The book of Maccabees, along with the other Apocryphal books, were never included in the Jewish canon because they contain historical, geographical and theological errors. The Vatican added these books to its canon in the 16th century in a futile attempt to validate its doctrine of purgatory. It only shows the ignorance of the Jews regarding the unchanging destiny that awaits those who die in sin. For the Catholic Church to support a dogma based on this heretical practice of the Jews only perpetuates the error. Furthermore, in Catholic theology, the sin of idolatry is mortal and punishable in hell, not purgatory.

Paul wrote: “…each man’s work will become evident; for the day will show it, because it is to be revealed with fire; and the fire itself will test the quality of each man’s work. If any man’s work which he has built upon it remains, he shall receive a reward.” (1 Corinthians 3:13-15).

Paul is clearly teaching that man’s “work” will be judged and tested by fire. He does not say man must suffer a temporal punishment in order to be purified from sin. The teaching here is about loss of rewards not punishment. Whatever works a man does for Christ and His glory will survive the fire and bring reward while whatever works are done for self glory and personal gain will be burned and lost.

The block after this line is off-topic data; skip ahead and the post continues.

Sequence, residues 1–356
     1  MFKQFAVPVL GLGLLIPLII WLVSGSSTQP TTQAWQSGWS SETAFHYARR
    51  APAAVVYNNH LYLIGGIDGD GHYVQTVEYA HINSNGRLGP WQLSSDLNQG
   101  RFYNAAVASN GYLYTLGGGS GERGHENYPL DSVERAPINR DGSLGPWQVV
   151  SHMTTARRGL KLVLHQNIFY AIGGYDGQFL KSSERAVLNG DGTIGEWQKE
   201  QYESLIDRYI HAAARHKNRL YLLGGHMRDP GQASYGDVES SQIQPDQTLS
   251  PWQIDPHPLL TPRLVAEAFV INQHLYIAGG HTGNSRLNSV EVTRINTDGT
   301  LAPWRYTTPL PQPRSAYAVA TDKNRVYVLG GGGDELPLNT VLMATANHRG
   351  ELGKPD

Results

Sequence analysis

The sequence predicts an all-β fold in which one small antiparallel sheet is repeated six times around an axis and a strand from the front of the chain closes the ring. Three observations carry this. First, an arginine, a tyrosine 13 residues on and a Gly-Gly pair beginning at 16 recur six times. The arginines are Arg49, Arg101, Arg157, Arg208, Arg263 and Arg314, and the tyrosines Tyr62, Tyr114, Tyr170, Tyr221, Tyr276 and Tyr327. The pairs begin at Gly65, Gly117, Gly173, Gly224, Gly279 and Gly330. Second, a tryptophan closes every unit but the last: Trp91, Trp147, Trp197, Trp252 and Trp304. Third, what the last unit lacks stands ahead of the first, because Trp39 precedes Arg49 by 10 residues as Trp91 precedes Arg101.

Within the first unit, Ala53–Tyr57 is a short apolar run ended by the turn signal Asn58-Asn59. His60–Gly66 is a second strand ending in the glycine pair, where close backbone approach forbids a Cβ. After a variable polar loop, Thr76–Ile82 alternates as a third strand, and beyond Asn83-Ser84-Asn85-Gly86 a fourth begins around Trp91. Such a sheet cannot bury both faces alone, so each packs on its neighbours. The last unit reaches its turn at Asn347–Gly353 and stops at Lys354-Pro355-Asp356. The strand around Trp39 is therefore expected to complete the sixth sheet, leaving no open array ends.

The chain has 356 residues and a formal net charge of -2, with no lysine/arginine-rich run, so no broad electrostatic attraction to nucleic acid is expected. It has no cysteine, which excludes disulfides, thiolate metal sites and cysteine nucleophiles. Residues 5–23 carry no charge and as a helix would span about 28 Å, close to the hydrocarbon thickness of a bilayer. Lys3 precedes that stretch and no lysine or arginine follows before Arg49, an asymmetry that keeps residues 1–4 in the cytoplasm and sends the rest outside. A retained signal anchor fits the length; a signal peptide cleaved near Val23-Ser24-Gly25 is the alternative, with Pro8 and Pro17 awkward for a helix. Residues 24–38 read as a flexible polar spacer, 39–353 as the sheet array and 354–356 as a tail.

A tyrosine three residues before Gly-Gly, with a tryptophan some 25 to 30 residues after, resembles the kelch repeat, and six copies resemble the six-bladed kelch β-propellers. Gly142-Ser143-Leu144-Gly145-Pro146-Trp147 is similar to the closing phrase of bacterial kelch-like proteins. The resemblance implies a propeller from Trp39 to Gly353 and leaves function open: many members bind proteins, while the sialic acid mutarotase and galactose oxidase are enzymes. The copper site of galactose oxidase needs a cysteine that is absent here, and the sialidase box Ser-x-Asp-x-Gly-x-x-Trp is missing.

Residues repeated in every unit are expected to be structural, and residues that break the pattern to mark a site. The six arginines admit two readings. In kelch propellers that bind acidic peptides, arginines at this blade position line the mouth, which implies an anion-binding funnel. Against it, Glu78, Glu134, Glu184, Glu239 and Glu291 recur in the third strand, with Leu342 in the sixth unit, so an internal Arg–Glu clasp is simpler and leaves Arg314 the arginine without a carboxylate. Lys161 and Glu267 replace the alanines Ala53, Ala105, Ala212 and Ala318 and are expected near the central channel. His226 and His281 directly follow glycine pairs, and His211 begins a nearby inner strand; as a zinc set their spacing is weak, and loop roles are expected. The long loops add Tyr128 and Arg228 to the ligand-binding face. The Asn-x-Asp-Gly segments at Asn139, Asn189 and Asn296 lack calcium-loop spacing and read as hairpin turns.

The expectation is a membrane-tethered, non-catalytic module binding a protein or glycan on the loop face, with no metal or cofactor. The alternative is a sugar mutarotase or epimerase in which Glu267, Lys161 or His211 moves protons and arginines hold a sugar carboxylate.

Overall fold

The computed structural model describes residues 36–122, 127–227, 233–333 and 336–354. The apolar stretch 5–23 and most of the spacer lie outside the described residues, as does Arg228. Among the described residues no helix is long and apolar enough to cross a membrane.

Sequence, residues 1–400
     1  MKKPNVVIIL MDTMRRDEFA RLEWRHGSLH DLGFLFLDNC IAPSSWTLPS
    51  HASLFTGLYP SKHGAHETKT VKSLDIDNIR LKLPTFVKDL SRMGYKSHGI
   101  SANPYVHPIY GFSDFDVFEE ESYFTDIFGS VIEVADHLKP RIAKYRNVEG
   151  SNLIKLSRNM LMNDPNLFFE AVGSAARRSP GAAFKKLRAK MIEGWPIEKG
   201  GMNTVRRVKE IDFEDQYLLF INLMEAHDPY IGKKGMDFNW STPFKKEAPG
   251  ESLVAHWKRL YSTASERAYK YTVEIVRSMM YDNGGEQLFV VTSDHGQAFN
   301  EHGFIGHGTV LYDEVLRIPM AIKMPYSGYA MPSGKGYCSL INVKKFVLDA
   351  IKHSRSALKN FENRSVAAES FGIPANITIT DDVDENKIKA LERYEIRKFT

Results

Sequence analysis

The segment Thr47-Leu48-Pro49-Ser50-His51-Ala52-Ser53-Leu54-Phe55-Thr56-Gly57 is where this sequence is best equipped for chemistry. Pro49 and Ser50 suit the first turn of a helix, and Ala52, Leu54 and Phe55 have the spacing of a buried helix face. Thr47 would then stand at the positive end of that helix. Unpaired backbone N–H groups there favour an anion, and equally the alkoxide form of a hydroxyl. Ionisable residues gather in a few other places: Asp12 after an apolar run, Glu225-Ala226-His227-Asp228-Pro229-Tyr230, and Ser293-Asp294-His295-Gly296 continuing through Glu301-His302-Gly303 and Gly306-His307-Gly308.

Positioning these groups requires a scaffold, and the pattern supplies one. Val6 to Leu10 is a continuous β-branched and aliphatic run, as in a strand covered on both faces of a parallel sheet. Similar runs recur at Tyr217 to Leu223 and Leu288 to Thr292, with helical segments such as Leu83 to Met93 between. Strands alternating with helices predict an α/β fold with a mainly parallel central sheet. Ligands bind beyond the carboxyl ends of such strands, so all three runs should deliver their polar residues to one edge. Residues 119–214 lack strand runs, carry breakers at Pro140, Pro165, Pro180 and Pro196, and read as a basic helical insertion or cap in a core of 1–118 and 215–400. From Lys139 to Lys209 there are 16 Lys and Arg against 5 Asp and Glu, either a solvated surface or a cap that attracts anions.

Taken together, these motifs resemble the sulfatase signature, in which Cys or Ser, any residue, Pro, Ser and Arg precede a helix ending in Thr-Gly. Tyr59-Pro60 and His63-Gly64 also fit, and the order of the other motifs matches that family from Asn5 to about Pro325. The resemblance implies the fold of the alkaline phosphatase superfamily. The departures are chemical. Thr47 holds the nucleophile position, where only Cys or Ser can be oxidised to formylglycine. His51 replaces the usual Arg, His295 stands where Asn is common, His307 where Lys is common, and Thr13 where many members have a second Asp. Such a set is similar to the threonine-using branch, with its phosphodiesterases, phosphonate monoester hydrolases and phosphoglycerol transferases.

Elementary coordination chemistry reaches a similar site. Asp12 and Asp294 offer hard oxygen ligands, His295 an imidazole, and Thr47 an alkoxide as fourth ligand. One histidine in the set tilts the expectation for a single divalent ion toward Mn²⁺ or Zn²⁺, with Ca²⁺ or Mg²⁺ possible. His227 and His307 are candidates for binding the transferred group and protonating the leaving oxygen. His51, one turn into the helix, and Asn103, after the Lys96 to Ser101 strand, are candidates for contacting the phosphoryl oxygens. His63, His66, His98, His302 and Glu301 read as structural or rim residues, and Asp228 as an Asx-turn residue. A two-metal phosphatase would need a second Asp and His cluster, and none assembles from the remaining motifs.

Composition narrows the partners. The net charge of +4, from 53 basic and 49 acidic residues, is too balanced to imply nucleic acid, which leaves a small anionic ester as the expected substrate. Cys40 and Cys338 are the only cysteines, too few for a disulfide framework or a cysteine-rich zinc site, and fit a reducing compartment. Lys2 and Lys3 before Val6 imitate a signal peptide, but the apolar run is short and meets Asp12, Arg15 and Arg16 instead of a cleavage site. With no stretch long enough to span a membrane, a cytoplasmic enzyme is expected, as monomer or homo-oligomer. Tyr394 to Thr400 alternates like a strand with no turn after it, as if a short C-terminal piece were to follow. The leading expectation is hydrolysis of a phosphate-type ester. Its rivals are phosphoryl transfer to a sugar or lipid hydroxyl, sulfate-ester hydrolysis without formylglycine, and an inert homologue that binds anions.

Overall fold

Peter wrote: “…the proof of your faith, being more precious than gold which is perish­able, even though tested by fire, may be found to result in praise and glory and honor at the revelation of Jesus Christ. (1 Pet. 1:7)

Peter is explicitly teaching about a man’s “faith” being tested by fire, not the purging of the man’s sin. It is faith that is more valuable than gold which has to reach a certain tem­perature to be purified. Peter uses gold as a metaphor for faith which grows stronger when it encounters the heat of certain trials and tribulations.